Summer Budget: key announcements for the motor sector

Posted On July 17, 2015 By mhauk

On the 8th July George Osborne announced the first majority Conservative budget in nearly 20 years. This was indeed a ‘big budget’ and the changes it will prompt over the next few years are wide ranging. Within the announcements there were a number that are particularly relevant for the motor sector.

Key changes are:

Vehicle Excise Duty (VED)
A new banding has been introduced to protect the government’s revenue as the industry successfully reduces CO2 emissions in new vehicles.  There is a significant reform of VED for cars first registered from 1 April 2017 onwards with the first year varying according to the vehicle’s CO2 emissions. Cars with a list price above £40,000 will be subject to a £310-per-year supplement for the first five years in which the standard rate is paid.

Mike Hawes, chief executive of Society of Motor Manufacturers and Traders (SMMT) expressed his concerns over the new system. Mike warned that “the new regime will disincentivise take up of low-emission vehicles. New technologies such a plug-in hybrid…will not benefit from long-term VED incentive, threatening the ability of the UK automotive sector to meet ever stricter CO2 targets.” He also commented that the surcharge on premium cars risks undermining growth in UK manufacturing and exports as the tax on these vehicles will impact domestic demand.

Corporation tax
The government will cut the rate of corporation tax to 19% in 2017 and 18% in 2020 which will be welcomed by UK motor retailers. However the benefit of this may be outweighed by the change in the way dividends are taxed which will become a more expensive way for business owners to pay themselves.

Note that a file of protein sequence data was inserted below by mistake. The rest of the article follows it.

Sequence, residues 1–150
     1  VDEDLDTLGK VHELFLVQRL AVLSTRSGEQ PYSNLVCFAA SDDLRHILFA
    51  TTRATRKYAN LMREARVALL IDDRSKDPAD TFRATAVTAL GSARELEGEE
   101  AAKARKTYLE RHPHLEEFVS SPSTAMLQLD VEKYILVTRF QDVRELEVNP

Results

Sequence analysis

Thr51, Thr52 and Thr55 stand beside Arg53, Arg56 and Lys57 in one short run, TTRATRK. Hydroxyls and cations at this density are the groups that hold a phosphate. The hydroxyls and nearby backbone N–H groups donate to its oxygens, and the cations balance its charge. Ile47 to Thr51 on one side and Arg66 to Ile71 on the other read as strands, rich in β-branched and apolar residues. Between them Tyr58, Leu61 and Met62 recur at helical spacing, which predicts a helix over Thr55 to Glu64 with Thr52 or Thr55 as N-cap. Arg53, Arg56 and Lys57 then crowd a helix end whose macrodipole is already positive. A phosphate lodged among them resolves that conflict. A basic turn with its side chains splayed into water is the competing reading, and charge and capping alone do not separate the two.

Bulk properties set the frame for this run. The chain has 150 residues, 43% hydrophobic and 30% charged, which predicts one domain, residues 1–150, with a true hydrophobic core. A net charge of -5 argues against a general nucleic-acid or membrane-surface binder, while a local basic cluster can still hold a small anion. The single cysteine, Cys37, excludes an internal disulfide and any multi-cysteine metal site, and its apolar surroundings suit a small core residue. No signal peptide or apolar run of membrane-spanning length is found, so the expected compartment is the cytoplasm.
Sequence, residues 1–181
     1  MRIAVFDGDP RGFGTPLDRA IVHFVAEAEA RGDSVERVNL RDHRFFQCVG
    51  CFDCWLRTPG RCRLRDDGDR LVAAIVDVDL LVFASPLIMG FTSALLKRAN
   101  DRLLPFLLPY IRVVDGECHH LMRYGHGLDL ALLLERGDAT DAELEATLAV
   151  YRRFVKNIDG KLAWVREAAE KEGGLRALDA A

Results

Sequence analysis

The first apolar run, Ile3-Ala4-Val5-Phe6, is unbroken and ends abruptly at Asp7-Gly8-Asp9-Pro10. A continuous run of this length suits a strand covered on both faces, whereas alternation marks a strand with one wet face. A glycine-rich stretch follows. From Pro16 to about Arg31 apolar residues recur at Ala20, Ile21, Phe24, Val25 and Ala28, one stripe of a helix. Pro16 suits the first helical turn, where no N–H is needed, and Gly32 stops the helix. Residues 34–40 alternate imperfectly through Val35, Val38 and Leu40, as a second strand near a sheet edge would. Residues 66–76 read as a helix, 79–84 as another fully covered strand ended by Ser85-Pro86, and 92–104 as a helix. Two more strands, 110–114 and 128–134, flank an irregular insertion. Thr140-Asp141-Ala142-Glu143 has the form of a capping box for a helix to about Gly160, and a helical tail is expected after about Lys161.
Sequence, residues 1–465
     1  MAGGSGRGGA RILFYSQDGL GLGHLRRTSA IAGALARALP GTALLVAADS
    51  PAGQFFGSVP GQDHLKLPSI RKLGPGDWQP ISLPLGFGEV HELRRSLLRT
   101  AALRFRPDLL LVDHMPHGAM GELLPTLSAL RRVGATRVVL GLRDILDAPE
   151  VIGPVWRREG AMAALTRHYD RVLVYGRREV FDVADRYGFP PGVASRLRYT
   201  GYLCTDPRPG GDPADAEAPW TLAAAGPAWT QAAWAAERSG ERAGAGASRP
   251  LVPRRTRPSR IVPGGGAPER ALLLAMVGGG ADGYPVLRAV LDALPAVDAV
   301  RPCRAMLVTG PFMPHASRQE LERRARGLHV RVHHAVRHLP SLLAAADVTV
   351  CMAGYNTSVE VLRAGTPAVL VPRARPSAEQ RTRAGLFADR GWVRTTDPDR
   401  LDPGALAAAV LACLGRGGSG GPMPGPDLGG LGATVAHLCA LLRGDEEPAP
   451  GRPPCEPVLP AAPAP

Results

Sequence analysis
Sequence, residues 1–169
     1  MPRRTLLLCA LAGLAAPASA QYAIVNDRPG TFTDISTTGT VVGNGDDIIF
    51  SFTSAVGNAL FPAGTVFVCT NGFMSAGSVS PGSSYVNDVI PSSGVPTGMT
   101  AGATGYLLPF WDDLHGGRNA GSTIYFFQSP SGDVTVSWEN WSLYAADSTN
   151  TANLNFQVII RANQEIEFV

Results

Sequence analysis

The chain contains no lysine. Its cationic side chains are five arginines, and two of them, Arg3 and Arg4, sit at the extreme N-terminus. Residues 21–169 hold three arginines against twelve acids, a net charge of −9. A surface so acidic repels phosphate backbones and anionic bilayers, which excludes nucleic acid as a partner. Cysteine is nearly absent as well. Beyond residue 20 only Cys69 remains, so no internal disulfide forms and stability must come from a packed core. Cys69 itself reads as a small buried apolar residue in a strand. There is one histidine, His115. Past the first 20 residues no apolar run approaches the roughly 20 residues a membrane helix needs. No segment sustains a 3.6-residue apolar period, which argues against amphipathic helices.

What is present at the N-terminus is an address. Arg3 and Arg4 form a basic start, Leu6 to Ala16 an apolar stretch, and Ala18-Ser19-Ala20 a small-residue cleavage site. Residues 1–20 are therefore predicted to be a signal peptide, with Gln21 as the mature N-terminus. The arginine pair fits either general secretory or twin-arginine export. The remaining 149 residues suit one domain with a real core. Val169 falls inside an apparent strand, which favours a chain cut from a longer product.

Annual Investment Allowance (AIA)
A permanent level of the AIA will increase from £25,000 to £200,000 for all qualifying investment in plant and machinery made on or after 1st January 2016. This is a positive change but dealers still need to be careful with their timing of expenditure as there is a disadvantage to incurring a large amount of expenditure in December 2016 year end compared to 2015.

Business energy regimes
The Government will review the business energy efficiency tax landscape and will remove the Climate Change Levy (CCL) exemption for renewably sourced electricity.

Employment and Skills
A levy will be introduced on large UK employers to fund new apprenticeships in a bid to reach the government’s target of 3 million starts this Parliament. The levy will support all post-16 apprenticeships in England and it will provide funding that each employer can use to meet their individual needs.

The new living wage introduced will also mean many businesses will have to review their sales executive’s remuneration packages to ensure they are compliant.

MOT reform consultation
Options will be explored by the Government for requiring motorists with new cars to undergo the first MOT after four years rather than three, as part of the forthcoming Motoring Services Strategy.